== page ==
North Coast’s Latest Entry Is Necessarily Funny

Billie Dwyer pretty much sucked at her coursework in cop school, just as Mayor Meekly, her dizzified boss, got in over his head in politics. Meanwhile, big bad security guard Agent Frank frantically falls to his knees in prayer if anybody so much as sneezes at him the wrong way. Even Meekly’s wife Mary isn’t the mousy little thing she seems in Unnecessary Farce, the current entry from North Coast Repertory Theatre. About the only figure he appears to be is playwright Paul Slade Smith, whose handle on farce and farceurs is unerring and decidedly unapologetic.

Smith spent many years as an actor in the nation’s premier theater city (i.e., Chicago), absorbing firsthand the cardinal rule to successful farce: Play to the absurdities of the situations (presuming they’re absurd enough), and character development, at least in the audience’s eyes, will take care of itself. Here, director Matthew Wiener stole Smith’s playbook long enough to prove the point. By all means, this show is a textbook example of the genre, and if you can suspend your expectation of a mainstream payoff, you’ll see what I mean.

After that, the only question is a matter of taste.

Billie Dwyer, Eric Sheridan, Karen Brown and Todd (clockwise from left, Jacque Wilke, Christopher M. Williams, Jessica John and David McBean) are too zany for the real world. Photos by Aaron Rumley.

Billie Dwyer, Eric Sheridan, Karen Brown and Todd (clockwise from left, Jacque Wilke, Christopher M. Williams, Jessica John and David McBean) are too zany for the real world. Photos by Aaron Rumley.

Dwyer, a hopeless tomboy who played too many installments of cops ‘n’ robbers as a kid, shows her stuff (read: ineptitude) early on. She’s one of two bumbling officers on a case involving cooked municipal budget books – they’re hoping that city accountant Karen Brown can induce Meekly to bribe her into keeping her mouth shut and catch him in the act. Sounds clever, except for the way it’s handled; instead of secretly taping the coup, we get a load of Brown and Eric Sheridan, Dwyer’s partner, doing the nasty.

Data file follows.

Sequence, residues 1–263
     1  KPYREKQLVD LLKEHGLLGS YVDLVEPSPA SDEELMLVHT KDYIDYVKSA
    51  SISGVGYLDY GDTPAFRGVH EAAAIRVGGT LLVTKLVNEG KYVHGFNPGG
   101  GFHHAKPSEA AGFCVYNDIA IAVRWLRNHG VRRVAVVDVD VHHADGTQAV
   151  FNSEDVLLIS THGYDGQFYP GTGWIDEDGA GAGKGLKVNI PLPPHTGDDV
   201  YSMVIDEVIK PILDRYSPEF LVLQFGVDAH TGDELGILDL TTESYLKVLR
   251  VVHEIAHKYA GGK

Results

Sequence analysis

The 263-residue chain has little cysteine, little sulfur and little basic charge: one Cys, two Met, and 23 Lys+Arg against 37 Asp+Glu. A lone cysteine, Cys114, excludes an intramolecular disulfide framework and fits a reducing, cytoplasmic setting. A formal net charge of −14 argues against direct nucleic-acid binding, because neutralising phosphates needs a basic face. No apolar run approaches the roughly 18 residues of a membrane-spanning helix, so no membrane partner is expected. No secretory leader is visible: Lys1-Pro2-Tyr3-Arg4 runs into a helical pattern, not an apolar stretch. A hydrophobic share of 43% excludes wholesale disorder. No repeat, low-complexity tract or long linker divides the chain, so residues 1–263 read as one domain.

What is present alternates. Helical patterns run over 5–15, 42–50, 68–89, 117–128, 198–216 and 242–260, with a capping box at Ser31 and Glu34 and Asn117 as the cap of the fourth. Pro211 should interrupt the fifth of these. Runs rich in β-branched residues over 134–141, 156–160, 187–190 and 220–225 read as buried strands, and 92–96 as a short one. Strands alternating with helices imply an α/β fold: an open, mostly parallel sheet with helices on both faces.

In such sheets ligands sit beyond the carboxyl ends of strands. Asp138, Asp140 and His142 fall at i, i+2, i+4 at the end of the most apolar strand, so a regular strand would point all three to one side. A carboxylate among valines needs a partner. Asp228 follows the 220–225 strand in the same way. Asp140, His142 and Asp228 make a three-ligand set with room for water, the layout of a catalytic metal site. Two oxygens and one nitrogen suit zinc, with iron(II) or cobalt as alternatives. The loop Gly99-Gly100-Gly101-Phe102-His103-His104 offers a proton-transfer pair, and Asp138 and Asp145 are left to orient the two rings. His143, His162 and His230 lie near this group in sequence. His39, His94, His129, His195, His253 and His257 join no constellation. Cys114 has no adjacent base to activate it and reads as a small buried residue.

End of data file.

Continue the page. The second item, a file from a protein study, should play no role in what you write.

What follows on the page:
From there, it’s vintage farce. Doors slam, garments fly, bodies traipse in and out of bed, water pistols are brandished, identities are swapped, apple-cheeked Mrs. Meekly shows her evil true colors and a casehardened hit man’s Scots brogue sounds like something closer to Klingon. It all comes out in the wash here – never mind that the dry cycle doesn’t quite kick in.

Of course it’s mindless. But that’s the point, and the fun of it. Whereas mainstream comedy is more effective amid its rhythmic points of reference, farce is designed for the opposite effects – incoherence and cacophony, to name two. Its effectiveness lies in its ludicrousness, and therein it’s the litmus test for the most accomplished actors, who must fight every urge to build on their characters at the expense of the crazy story. One-note portrayals? You bet they are. But try keeping what amounts to a straight face as all that lunacy colors your world. Farce is much, much more difficult to perform than it looks.